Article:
The objective was to compare the efficacy and safety of adding low-dose rosiglitazone (2 or 4 mg/d) to insulin therapy vs continued insulin monotherapy in patients with type 2 diabetes mellitus who were unable to achieve glycemic control with insulin therapy alone.
In this 24-week, double-blind study, 630 individuals with type 2 diabetes mellitus that was inadequately controlled with insulin therapy alone were randomized to treatment with rosiglitazone (2 or 4 mg/d) or placebo in combination with ongoing insulin therapy. The dosage of insulin therapy could be adjusted at the investigator's discretion if required for hypoglycemia or additional glycemic control.
The addition of rosiglitazone (2 or 4 mg/d) to insulin therapy significantly decreased mean glycated hemoglobin concentrations compared with placebo plus insulin (–0.3% [P = .02] and –0.4% [P<.001]) and compared with baseline (–0.6% and –0.8% [both P<.001]) after 24 weeks. The addition of 2 or 4 mg/d of rosiglitazone significantly decreased the C-reactive protein level (vs baseline: –22.0% [P<.001] and –34.2% [P<.001]; vs placebo: –22.2% [P = .003] and –32.0% [P<.001]) and fibrinogen (vs baseline: –10.5% and –12.0% [both P<.001]; vs placebo: –7.9% [P = .002] and –7.6% [P = .004]), while 4 mg/d of rosiglitazone significantly reduced matrix metalloproteinase 9 levels (vs baseline: –17.1% [P = .007]; vs placebo: –23.3% [P<.001]). The adverse event profile, including incidence of hypoglycemia and edema, was similar between treatment groups, and most adverse events were mild to moderate in intensity.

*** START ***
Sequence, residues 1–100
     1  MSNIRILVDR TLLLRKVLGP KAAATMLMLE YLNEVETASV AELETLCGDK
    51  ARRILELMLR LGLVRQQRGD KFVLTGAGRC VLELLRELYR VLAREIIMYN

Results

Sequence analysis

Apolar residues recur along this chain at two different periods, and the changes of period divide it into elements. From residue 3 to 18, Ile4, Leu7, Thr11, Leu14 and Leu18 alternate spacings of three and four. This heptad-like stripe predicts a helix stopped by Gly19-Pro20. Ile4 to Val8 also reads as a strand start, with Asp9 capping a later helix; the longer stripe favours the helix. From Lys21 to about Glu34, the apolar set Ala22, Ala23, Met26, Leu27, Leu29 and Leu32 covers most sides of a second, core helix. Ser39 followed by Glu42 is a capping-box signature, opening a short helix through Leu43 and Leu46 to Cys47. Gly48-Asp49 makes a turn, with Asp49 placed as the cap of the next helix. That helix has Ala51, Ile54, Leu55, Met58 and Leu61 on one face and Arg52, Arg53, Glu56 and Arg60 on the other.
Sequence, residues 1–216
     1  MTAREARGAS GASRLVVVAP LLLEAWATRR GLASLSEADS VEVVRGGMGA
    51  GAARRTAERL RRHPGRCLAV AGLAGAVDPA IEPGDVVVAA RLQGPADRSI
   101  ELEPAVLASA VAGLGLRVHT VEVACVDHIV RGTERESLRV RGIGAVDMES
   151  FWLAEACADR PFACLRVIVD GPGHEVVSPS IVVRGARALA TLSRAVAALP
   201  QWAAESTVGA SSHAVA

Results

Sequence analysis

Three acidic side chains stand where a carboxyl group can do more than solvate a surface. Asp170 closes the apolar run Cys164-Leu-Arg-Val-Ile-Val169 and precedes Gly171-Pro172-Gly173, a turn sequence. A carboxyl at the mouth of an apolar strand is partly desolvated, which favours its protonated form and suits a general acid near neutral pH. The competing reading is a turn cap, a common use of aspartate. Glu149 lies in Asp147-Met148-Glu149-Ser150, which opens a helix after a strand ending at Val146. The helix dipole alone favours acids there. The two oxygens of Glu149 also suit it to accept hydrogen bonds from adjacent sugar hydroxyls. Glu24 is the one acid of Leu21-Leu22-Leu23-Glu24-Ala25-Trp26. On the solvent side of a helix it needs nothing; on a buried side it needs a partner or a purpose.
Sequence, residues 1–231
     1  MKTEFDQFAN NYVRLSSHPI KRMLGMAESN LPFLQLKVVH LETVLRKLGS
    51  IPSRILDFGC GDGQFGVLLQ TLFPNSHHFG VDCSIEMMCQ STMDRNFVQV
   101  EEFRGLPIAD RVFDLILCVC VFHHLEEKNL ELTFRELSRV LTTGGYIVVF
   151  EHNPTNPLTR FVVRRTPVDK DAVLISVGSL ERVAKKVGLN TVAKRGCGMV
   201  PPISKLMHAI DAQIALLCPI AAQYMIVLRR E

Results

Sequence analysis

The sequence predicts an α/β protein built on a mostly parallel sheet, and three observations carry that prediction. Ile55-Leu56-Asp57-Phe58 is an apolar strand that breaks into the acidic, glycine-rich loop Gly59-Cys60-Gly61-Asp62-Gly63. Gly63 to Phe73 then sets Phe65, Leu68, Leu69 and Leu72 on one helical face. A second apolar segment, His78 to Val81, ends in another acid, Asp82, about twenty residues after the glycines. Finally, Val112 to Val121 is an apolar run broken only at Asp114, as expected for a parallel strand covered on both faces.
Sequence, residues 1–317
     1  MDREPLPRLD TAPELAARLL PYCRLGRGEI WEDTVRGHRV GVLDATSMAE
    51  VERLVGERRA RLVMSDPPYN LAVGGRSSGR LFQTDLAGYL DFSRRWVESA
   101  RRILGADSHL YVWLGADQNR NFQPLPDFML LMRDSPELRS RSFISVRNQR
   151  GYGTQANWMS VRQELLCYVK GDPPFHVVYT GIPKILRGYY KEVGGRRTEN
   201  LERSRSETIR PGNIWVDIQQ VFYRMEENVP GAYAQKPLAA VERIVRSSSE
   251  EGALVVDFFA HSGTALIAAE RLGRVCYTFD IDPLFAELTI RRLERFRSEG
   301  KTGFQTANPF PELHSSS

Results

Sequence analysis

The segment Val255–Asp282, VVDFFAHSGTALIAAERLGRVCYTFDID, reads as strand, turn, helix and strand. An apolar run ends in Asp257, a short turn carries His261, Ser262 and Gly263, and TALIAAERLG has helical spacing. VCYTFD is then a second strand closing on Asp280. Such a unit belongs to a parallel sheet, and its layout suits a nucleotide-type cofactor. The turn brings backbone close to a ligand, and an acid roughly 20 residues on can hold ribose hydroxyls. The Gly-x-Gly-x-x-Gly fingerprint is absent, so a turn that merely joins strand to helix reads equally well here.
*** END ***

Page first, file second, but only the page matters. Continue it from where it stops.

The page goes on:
The addition of low-dose rosiglitazone to insulin therapy is an effective and well-tolerated treatment option for patients with type 2 diabetes mellitus who continue to have poor glycemic control despite administration of exogenous insulin as monotherapy.
clinicaltrials.gov Identifier: NCT00054782